The Fiji Trades Union Congress notes with interest the recent comments attributed to the Attorney General calling on workers not to resort to money lenders for loans and his observation that home ownership amongst workers in Fiji is low.  We totally agree with AG’S advice and observation.  However, the AG needs to examine the root cause of this serious problem and the appropriate remedy.

The fact is, majority of Fiji’s workers are earning very low wages, well below the poverty line.  Their everyday challenge is to put food on the table for their families.  This is any food and not healthy food. The Ministry of Health’s campaign on reducing NCD’S and the promotion of healthy living makes no sense when people live in extreme poverty.  In most cases, workers are unable to make ends meet which necessitates borrowing.  It is a fact that these workers are unable to obtain loans from the bank because of the low wages that they earn and their inability to repay any loans. This is further exacerbated by the fact that many of these workers are on minimum wage or just above the minimum wage.  These workers have little choice but to turn to money lenders to put food on the table. This condemns these workers into perpetual debt by paying a small portion of the loan and borrowing more at exorbitant interest rates.

The Government’s policy of imposing individual contracts and in many cases short term contracts further makes it impossible for these workers to obtain bank loans. In many Government owned enterprises the length of these contracts is from 3 months to 1 year and is renewable.  Senior positions are usually between 2 to 3 years.  In such situations, these workers are unable to obtain housing loans as repayments would have to be for a longer term. The bottom line is that if these workers are unable to put food on the table, housing is unthinkable.  It is evident around urban areas that squatter settlements have been growing and it is no surprise why this is so. The promotion of collective bargaining is the way to go and not individual contracts.

It is for this reason that Fiji Trades Union Congress has been campaigning for a decent minimum wage so that workers can live with some dignity and be able to provide their families with the necessities of life. The current Government imposed minimum wage is an insult to working families and condemns them to extreme poverty which gives no dignity nor is it sufficient for a decent existence.

No one can provide for all the needs of a family on $2.32 an hour or a gross pay of $93 for a 44 hour week after FNPF and we should stop pretending that it is alright to treat people as lesser humans in the interest of businesses.  The National Employment Scheme, undermines the minimum wage at $60 per week with no other entitlements further condemning young workers to extreme poverty with the promise of job creation which is a farce. The fact is they replace permanent unskilled workers in many industries.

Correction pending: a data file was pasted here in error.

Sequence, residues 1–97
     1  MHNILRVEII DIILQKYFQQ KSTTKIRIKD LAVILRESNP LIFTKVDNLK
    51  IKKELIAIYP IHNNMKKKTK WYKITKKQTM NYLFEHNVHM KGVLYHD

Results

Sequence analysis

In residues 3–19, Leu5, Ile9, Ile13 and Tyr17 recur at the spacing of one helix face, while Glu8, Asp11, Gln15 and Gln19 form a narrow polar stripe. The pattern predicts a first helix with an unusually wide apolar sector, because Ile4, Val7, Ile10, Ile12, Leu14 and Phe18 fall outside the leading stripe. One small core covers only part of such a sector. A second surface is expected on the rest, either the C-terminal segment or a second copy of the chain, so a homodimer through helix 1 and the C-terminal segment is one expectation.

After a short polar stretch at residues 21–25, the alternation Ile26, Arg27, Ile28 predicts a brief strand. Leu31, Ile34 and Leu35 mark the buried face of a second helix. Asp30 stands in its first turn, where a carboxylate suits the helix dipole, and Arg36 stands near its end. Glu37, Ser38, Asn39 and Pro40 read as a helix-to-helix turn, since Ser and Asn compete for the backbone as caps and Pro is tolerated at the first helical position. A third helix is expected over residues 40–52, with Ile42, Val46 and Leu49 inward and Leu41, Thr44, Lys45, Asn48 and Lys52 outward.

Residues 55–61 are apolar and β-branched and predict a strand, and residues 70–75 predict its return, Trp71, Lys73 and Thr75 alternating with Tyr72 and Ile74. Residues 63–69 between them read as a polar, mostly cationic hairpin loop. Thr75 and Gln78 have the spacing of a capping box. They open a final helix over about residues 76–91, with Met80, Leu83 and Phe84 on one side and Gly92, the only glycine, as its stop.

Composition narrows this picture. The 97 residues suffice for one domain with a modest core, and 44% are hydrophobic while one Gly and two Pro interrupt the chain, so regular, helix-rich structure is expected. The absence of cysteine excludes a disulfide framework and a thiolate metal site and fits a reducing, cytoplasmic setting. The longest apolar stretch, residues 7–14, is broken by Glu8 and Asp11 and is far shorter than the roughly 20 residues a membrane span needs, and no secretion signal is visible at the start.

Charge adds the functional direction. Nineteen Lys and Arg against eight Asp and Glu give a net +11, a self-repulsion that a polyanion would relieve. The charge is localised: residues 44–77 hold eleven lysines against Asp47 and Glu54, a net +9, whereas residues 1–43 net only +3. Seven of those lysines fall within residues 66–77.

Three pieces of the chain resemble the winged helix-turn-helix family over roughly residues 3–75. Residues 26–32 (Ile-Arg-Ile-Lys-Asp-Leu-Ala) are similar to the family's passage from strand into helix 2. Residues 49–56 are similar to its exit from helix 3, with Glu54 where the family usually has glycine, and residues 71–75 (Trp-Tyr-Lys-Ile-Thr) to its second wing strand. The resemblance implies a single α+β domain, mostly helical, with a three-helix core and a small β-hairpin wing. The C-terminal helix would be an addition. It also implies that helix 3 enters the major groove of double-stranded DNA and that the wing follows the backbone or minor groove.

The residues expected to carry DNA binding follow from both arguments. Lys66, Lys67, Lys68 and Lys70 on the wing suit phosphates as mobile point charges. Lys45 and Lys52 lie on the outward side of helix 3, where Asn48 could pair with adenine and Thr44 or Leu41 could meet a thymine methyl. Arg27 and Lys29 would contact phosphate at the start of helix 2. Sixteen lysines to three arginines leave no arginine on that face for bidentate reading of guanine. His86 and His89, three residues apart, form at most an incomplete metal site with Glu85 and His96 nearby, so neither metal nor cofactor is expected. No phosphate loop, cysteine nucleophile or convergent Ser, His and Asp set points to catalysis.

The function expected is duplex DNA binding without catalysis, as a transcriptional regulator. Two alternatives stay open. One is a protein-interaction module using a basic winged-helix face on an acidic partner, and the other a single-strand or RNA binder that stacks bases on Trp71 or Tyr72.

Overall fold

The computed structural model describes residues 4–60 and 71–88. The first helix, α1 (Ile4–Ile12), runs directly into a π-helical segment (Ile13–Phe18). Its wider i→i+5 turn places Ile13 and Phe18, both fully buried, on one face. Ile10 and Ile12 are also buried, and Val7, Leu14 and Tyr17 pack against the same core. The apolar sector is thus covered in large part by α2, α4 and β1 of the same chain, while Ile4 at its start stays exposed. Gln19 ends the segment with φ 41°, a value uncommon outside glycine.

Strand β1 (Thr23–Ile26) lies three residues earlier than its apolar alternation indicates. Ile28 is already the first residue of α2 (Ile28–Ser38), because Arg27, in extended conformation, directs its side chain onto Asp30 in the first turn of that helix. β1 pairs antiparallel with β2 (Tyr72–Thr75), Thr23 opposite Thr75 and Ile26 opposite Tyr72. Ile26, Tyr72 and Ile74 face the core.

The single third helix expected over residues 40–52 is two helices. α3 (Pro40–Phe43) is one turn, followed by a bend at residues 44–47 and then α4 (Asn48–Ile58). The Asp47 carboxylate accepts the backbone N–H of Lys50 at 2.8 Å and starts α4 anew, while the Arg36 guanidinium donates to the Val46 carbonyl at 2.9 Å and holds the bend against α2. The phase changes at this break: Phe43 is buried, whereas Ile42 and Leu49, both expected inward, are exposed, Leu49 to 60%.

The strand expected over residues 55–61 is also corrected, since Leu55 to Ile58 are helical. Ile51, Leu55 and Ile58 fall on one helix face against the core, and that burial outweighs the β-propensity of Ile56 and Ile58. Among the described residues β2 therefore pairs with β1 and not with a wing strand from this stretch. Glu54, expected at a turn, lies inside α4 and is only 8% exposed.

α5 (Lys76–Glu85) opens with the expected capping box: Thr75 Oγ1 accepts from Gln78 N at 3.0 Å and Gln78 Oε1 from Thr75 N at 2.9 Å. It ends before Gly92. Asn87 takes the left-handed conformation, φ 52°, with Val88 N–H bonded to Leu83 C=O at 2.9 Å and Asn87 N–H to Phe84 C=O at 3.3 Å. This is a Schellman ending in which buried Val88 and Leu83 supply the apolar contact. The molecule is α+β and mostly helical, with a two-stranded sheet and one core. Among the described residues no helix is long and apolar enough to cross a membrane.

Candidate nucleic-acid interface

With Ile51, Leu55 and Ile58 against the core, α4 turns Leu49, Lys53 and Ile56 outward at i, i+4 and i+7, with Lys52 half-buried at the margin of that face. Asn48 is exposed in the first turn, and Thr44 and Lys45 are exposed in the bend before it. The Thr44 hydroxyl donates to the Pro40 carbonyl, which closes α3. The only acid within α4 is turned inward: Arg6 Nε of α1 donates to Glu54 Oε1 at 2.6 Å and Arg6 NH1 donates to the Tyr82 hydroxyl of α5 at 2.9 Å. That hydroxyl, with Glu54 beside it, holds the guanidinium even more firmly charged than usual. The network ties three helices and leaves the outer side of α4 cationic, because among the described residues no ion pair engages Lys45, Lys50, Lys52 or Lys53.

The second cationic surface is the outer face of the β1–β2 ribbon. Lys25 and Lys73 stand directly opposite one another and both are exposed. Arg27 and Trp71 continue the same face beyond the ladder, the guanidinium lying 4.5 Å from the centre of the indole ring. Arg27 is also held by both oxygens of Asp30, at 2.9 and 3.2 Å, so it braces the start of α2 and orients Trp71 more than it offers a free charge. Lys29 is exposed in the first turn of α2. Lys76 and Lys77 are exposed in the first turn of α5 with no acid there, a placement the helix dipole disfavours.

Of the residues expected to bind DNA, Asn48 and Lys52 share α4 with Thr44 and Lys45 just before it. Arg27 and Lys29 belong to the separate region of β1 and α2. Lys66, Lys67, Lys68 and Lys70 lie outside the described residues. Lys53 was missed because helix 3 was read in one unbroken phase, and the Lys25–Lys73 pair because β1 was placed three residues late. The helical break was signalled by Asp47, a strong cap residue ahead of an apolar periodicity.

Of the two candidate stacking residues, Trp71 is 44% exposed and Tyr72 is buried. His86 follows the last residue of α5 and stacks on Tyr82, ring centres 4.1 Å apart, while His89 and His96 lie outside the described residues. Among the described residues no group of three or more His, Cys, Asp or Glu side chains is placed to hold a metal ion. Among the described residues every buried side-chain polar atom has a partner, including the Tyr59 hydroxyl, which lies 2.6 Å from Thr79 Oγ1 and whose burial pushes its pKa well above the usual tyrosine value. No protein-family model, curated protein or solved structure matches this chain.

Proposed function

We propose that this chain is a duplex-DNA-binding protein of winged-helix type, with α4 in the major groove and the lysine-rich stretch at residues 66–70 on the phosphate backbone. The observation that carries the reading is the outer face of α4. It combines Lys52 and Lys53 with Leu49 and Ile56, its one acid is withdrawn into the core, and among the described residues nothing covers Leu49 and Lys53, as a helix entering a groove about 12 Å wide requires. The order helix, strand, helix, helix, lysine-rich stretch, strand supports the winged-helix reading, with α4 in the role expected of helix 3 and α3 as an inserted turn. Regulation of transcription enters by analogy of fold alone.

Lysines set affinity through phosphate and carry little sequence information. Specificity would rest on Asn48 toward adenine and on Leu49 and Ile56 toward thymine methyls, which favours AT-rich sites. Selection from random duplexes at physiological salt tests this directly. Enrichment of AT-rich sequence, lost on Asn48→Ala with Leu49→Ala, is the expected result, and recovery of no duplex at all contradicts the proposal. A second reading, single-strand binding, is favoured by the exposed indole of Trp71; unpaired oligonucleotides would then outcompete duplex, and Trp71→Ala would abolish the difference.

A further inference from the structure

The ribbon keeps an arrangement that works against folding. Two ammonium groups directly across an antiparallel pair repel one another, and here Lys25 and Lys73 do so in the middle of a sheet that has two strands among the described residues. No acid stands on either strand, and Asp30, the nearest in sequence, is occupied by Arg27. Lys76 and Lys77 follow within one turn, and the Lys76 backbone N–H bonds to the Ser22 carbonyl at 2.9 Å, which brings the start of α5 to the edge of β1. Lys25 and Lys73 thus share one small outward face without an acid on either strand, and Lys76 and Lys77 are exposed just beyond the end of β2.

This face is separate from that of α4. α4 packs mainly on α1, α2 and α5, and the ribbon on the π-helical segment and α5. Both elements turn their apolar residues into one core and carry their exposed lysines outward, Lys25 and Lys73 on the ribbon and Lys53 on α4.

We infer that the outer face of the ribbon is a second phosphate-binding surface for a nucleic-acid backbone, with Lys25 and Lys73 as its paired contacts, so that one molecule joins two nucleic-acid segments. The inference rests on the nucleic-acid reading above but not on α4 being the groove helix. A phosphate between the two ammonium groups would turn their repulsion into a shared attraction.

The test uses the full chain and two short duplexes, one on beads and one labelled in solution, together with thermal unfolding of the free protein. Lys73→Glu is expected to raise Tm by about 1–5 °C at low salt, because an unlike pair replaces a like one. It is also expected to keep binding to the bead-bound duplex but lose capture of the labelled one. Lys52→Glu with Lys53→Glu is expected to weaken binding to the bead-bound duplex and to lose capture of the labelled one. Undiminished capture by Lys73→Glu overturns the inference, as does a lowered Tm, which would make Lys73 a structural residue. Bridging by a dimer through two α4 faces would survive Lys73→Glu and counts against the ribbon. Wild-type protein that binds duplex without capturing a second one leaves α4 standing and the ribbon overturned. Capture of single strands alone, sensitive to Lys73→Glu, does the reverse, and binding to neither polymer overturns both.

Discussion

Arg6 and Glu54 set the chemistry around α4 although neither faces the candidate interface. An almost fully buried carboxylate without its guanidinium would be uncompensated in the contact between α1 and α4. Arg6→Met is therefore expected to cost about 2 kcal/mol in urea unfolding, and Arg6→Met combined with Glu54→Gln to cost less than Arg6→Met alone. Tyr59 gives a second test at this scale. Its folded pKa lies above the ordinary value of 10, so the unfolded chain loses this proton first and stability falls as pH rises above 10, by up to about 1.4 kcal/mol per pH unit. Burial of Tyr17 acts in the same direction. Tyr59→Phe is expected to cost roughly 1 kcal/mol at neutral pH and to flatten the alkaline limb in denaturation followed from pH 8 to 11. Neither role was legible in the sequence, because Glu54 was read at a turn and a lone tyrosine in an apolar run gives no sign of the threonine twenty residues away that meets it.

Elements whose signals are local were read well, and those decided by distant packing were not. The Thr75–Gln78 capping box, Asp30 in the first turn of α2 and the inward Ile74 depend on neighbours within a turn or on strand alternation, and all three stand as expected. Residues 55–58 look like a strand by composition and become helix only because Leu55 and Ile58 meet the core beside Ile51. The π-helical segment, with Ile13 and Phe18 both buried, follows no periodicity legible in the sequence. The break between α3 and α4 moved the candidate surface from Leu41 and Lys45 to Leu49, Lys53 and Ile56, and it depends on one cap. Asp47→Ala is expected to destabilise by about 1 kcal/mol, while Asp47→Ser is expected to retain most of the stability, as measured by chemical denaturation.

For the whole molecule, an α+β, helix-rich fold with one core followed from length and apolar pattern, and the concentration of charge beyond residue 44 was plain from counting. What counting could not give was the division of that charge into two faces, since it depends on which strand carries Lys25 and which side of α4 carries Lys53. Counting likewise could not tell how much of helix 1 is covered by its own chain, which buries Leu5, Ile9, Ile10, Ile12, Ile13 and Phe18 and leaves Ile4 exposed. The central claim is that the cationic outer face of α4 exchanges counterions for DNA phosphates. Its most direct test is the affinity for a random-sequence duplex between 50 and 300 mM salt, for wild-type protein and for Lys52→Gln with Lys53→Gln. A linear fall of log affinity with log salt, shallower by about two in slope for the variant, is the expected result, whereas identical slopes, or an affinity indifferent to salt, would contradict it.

The Ministry of Poverty Alleviation recently stated that the poverty line is at about $202 a week.  This would peg the hourly rate of pay at $4.60 an hour.  The FTUC has pegged the starting point at $4.00 an hour which must be reviewed annually upwards.  The Government has repeatedly stated and promised the people of its commitment to alleviate poverty.  A fair minimum wage would go a long way in that regard. The FTUC urges the AG and Minister of Finance to seriously consider the FTUC proposal and implement a decent minimum wage at $4 as a starting point.

Past explanations and excuses given by the Minister for Labour citing “the bigger picture” and sustainability is seriously flawed and unacceptable. The poor are part of the bigger picture and in fact make the majority of the population.  The most recent excuse by the Minister is that a study would be commissioned and consultations would be held to determine minimum wage.  Why is it that when it comes to the poor, there must be some fancy study commissioned and when Parliamentarians and Government Ministers salary and allowances are increased exorbitantly overnight, they are not subject to the same public scrutiny?  The Minister’s excuses totally discredit the Government’s commitment and election promise of inclusive growth.  There is no point in talking of GDP growth when our people are forced deeper into poverty.  Clearly, the benefits of any such growth have not been flowing to the poor and that is evident.  This is time to act and not just dish advice and observe problems that are created by bad Government policy.  The right to decent work including wages and housing are human rights issues and Government must take full responsibility for the current sad state of affairs.  It is time that Government actually listened to the cries of the poor and not just big businesses.  It is not the time for freebees to pacify the poor but real actions to uplift the quality of life of our people.

Felix Anthony

National Secretary